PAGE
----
The Musings of the Bemused: A Veteran Teacher's Perspective
Friday, May 21, 2010
Rigor. . . . Mortis?
It’s prom night. Most of my seniors are absent, except my first-period Shakespeare students who had to turn in an annotated bibliography for the research paper due next week. I am expecting papers that compare Iago to Milton’s Satan, Iago to the Imaginary i (a math student’s impressive, if daunting, take), Othello to the nameless protagonist of Ralph Ellison’s Invisible Man, the play Othello to the libretto for Otello. I am expecting papers on Othello and the medieval Dance of Death; Othello and “blackness”; race as depicted and explored in Othello, Dutchman, and Invisible Man. I am expecting papers that compare and contrast the significance of women’s roles in tragedy and comedy as evinced in Othello, Hamlet, and 12th Night; papers that trace the development of the staging of Shakespeare’s plays; and papers that explore the roots and purposes of the music in Shakespeare’s plays.
Though my last entry revealed the level of burnout we all face at this late date in the school year, particularly when we are still facing stacks of paper, I am actually looking forward to reading these. They will reveal what my students have accomplished after three or four years of having had the same teacher. For these students, the actual tools of scholarship are deeply ingrained--research skills, proper manuscript format, how to formulate analytical theses, how to select and analyze textual support, how to convey and respond to arguments--and now they get to have the scholar’s fun. They get to learn through research and hone their voices and their thoughts. Not only can they watch as the professional writers in the academic journals and other critical sources argue about nuances, but they are actually ready to participate in the arguments with their own points of view. This is the best any teacher can hope for.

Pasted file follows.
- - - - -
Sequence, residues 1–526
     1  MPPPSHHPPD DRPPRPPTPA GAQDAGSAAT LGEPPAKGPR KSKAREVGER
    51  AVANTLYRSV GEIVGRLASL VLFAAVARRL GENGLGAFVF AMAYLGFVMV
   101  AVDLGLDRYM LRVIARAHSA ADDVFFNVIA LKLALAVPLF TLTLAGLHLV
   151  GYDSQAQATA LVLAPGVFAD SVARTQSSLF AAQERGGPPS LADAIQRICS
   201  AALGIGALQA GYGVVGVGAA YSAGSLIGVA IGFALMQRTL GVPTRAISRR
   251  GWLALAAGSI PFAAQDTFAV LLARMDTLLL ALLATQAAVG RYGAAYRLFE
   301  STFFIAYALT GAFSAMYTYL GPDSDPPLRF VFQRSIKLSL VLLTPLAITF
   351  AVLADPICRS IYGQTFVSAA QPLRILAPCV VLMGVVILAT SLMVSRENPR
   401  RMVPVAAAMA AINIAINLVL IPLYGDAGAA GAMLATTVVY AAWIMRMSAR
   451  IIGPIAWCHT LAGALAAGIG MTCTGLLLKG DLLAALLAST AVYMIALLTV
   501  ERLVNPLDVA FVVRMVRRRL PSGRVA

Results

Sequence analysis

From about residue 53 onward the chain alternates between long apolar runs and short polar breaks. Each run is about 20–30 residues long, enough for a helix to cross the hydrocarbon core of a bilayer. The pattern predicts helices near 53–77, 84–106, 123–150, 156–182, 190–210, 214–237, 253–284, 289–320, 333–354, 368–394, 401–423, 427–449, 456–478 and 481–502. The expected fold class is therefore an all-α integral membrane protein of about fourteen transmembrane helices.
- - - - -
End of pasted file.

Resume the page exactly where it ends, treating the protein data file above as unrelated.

So why, you ask, after building a Shakespeare class and a Creative Writing class (which I described at the start of my last entry), to reputable numbers--26 in the former, 36 in the latter, do I have to struggle yet again in order to keep the classes alive? Last year, we had an administrator who tried to close the Shakespeare class because the enrollment number of 26 was not high enough to meet the class “norms” (a bizarre word for class-size) that went up dramatically from the maximum 34 to anywhere from 36-43. I had to fight to keep the class open, and for my efforts, I can now look forward to reading those papers I mentioned.
The Creative Writing class, a class that is often a class for slackers who usually don’t want to do anything but write the equivalent of "I’m alone, I’m alone, My cat, My cat," has become a serious academic class, where students generate myriad polished small pieces, two fully workshopped short stories (one 1500, one 3000 words), several poems in different poetic forms, and two author studies, where they read 1000 pages by an author of their choice and an entire collection of poetry by the poet of their choice and write New Yorker style reviews for each. All the work is designed to illuminate, support, and inspire the process of writing. Any student can go online to my class page to see exactly what is assigned all term, if clarity is what they need. But the question remains, Why’s no one signing up? What’s the problem here?